The US Department of Justice (DOJ) is charging 345 individuals — including more than 100 physicians, nurses, and other licensed medical professionals — with submitting more than $6 billion in false and fraudulent claims to federal health programs and private insurers.
The lion’s share of the fraudulent claims — $4.5 billion from 86 defendants — was for telemedicine services. Almost $900 million was for substance use disorder treatment in so-called sober homes.
Another $800 million in false claims was connected to illegal opioid distribution and other types of healthcare fraud, a statement from the federal law enforcement agency notes.
“These cases hold accountable those medical professionals and others who have exploited health care benefit programs and patients for personal gain,” said Acting Assistant Attorney General Brian C. Rabbitt in the DOJ’s statement.
The DOJ also said it was creating a National Rapid Response Strike Force in its healthcare fraud unit, which will investigate and prosecute fraud cases involving major healthcare providers that operate in multiple jurisdictions. The strike force led the telemedicine fraud investigation and was a co-leader in the sober home cases.
Sober Home Schemes
The federal government said it was charging more than a dozen individuals for seeking reimbursement for more than $845 million of allegedly false and fraudulent claims for tests and treatments for patients seeking treatment for drug and/or alcohol addiction.
Those charged include doctors, owners and operators of substance abuse treatment facilities, and patient recruiters across 51 jurisdictions. The recruiters allegedly received kickbacks for referring patients to facilities where patients often underwent medically unnecessary drug testing and charged for therapy sessions that frequently were not provided. The clinicians also allegedly prescribed medically unnecessary controlled substances and other medications to these patients.
Sometimes patients were discharged and admitted to other facilities or were referred to other laboratories and clinics in exchange for more kickbacks, the federal government reports.
The biggest sober home case was announced in August, when Michael Ligotti, DO, was charged with a scheme to defraud the government and private insurers of $681 million for medically unnecessary urine drug tests, blood tests, psychiatric testing, prescription drugs, and other services. Ligotti’s lawyer has denied the charges.
The government said that it had charged or received guilty pleas from 240 individuals who pled guilty to cases involving illegal prescription and/or distribution of opioids or more traditional healthcare fraud involving $800 million in false claims to Medicare, Medicaid, TRICARE, and private insurers. Many of the cases involved kickbacks paid to healthcare professionals.
The cases allege that healthcare professionals and others were involved in the distribution of more than 30 million doses of opioids and other prescription narcotics.
In Alabama, two defendants were charged in connection with illegally distributing more than 50,000 opioids.
The government charged a Colorado doctor for his alleged participation in a kickback scheme with a pharmaceutical company. The physician was allegedly paid $300,000 to deliver more than 100 “speaker programs.”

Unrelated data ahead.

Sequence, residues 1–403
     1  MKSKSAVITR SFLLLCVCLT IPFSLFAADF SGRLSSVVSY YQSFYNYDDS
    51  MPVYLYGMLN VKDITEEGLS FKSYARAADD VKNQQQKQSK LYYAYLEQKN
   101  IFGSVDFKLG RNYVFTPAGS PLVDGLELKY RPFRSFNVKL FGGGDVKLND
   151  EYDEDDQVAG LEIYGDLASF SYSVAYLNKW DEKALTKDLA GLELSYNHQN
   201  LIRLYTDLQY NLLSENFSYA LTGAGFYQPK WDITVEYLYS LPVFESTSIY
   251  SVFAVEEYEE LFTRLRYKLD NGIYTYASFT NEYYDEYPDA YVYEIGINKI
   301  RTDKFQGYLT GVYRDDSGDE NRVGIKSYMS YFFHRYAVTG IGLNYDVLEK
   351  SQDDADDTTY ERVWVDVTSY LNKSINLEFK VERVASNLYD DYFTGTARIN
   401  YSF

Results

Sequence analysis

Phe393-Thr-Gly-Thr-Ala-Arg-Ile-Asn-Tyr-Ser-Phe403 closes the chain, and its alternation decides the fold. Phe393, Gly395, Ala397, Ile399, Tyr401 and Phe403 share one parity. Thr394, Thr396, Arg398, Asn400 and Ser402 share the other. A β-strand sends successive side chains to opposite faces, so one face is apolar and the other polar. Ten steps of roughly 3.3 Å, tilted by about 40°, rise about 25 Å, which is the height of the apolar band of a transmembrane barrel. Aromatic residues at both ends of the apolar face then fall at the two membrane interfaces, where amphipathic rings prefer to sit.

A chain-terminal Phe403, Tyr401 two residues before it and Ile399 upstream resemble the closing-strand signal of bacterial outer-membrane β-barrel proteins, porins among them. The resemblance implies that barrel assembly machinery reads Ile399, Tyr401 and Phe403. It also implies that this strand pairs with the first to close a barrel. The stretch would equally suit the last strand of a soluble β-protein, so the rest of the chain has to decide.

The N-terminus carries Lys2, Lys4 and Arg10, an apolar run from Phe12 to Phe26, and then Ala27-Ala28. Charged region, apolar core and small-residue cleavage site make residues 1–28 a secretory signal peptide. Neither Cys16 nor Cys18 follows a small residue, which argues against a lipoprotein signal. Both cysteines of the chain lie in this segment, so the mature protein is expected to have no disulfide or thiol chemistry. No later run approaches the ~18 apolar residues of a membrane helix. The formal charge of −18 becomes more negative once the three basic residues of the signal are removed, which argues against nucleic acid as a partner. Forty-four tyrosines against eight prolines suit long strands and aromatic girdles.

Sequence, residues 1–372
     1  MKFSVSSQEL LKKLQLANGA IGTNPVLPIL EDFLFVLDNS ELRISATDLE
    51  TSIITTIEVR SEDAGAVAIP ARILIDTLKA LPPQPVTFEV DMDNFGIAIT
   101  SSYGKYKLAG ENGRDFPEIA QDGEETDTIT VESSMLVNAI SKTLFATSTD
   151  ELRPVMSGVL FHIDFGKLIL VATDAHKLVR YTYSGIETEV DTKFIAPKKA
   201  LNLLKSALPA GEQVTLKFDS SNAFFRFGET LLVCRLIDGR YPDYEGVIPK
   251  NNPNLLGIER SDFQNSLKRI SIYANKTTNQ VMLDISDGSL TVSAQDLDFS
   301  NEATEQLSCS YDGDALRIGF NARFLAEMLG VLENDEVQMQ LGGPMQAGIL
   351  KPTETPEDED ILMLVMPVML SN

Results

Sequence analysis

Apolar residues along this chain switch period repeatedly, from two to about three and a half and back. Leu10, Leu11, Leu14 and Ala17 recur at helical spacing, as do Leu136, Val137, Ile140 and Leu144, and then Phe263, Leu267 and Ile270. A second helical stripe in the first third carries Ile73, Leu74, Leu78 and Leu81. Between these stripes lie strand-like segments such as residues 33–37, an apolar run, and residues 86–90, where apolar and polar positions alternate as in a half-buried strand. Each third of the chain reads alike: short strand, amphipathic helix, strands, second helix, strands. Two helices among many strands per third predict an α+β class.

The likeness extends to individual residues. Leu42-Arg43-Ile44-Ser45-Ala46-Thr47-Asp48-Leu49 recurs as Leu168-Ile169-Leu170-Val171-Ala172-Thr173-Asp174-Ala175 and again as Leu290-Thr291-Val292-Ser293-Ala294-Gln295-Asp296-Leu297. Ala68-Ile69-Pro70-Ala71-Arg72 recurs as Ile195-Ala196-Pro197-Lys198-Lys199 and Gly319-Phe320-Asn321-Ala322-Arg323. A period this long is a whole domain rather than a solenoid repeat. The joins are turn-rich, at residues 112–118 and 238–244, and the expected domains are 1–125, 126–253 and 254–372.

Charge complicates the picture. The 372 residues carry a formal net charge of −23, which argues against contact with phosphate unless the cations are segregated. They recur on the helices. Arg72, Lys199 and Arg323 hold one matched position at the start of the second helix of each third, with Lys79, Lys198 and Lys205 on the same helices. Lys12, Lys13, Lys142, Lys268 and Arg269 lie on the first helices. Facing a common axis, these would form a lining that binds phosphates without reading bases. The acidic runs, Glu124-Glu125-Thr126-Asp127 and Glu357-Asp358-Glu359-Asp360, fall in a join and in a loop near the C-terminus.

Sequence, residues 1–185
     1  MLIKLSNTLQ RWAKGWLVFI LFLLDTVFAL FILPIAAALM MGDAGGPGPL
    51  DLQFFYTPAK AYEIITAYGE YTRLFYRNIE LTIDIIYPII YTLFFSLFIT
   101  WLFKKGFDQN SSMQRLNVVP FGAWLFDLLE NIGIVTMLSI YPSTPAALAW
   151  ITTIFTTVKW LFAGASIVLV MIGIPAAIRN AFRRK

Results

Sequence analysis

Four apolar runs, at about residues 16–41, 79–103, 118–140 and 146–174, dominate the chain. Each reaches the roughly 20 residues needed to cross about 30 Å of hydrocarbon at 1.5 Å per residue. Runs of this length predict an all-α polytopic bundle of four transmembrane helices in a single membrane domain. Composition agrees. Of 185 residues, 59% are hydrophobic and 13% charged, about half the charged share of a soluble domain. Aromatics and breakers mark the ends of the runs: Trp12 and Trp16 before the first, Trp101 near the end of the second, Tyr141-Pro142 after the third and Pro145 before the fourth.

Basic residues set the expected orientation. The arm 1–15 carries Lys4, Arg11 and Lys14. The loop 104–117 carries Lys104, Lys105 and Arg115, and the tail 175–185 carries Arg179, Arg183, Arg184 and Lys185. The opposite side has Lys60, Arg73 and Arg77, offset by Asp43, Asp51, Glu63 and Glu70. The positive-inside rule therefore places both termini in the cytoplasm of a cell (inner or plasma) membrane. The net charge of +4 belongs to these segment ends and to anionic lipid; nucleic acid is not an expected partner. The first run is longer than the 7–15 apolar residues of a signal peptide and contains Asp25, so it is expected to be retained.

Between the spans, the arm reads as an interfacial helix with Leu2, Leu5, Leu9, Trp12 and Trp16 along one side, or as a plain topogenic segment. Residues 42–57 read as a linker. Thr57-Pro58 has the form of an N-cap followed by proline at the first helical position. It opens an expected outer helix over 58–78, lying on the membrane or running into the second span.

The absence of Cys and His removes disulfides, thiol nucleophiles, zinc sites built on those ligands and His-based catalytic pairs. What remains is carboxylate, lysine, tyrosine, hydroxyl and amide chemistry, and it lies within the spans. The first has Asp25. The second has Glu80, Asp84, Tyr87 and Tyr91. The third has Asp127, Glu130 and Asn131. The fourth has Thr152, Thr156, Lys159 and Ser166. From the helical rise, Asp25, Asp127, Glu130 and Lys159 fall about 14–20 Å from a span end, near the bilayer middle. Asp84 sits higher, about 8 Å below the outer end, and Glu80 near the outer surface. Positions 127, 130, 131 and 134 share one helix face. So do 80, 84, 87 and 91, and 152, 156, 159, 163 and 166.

The money, labeled as “honoraria,” was actually a series of bribes to prescribe the company’s sublingual fentanyl spray, said the DOJ. Medicare and the state’s Medicaid program paid more than $4 million for the prescriptions.
A Massachusetts psychiatrist and his wife ― who operated two psychopharmacology clinics — were charged with illegally importing unapproved drugs, which they administered to dozens of patients to curb withdrawal symptoms. Many of the patients allegedly experienced adverse effects.
The US Health and Human Services (HHS) Office of Inspector General, which took part in the overall fraud operation, said telehealth fraud has been on the rise since 2016.
“Unfortunately, bad actors attempt to abuse telemedicine services and leverage aggressive marketing techniques to mislead beneficiaries about their health care needs and bill the government for illegitimate services,” said HHS Deputy Inspector General Gary Cantrell in remarks announcing the charges.
The Centers for Medicare & Medicaid Services (CMS) and the HHS inspector general collaborated in monitoring what appeared to be suspicious claims and acted on tips from Medicare and Medicaid beneficiaries. The federal government alleges that the telemedicine companies hired international marketing networks that used calls, direct mail, television ads, and Internet pop-up ads to target beneficiaries.
Confirmed Medicare or Medicaid recipients would then be transferred to a medical practitioner who was being paid by the company to issue prescriptions for medications, lab tests, or durable medical equipment (DME). The telemedicine company would then sell those prescriptions to pharmacies, labs, or DME companies, which would send the prescription to the beneficiary.
This occurred either without any patient interaction or with only a brief telephone conversation with patients. Often, said the DOJ, the DME, test results, or medications were not provided to the beneficiaries or were worthless to patients and their actual doctors. But the pharmacy, lab, or equipment supplier billed Medicare or Medicaid and gave the telemedicine company a kickback.
The DOJ alleges that the proceeds from the fraudulent scheme were laundered through international shell corporations and foreign banks for the benefit of the telemedicine executives.
Separately, the CMS Center for Program Integrity announced that it was revoking 256 additional medical professionals’ Medicare billing privileges because of their involvement in such telemedicine schemes.
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